European Economics at a Crossroads

European Economics at a Crossroads

J. Barkley Rosser Jr, Richard P.F. Holt and David Colander

As Europe moves toward an integrated academic system, European economics is changing. This book discusses that change, along with the changes that are happening simultaneously within the economic profession. The authors argue that modern economics can no longer usefully be described as ‘neoclassical’, but is much better described as complexity economics. The complexity approach embraces rather than assumes away the complexities of social interaction.

Chapter 13: Reinhard Selten

J. Barkley Rosser Jr, Richard P.F. Holt and David Colander

Subjects: economics and finance, economics of education, methodology of economics, education, economics of education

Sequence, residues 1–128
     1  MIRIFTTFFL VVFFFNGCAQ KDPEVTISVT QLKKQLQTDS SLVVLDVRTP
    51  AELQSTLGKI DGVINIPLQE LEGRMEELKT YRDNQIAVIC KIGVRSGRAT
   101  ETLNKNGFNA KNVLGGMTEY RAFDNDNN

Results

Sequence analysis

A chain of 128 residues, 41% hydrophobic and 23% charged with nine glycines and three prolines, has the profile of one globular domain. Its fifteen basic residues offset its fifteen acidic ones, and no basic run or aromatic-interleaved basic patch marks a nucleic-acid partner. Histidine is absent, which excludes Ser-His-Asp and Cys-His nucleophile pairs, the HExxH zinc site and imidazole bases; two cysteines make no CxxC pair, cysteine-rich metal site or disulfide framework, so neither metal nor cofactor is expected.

This interview took place in his office at the University of Bonn on 1 August, 2008 Do you have any comments on the chapters and interviews that we sent you? I had an opportunity to read one of the interviews. I was overall impressed and thought what I have read was very well done. Very interesting to read, so far there is nothing that I disagree with. I’m impressed. Let’s start out with some autobiographical information. I was born on October 5, 1930 in Breslau in Lower Silesia. At that time it was part of Germany and only German was spoken. After the war Breslau became part of Poland and its name was changed to Wrocław. I didn’t want to visit the city because I thought people speaking a foreign language, in this case Polish, it would feel awkward and I would feel not at ease. But later, this is after I won the Nobel Prize, I went to visit. I was surprised once I was there. There was still enough familiarity where I could find my way around. I got a guide and we went around to my childhood places. Of the four, one survived, but one street had vanished. I was surprised by the attitude of the people; they had a strong identification with historical Lower Silesia, even though they were Polish. There was a feeling of local continuity. I was surprised – the population changed but the feeling of the place did not change that much. They...

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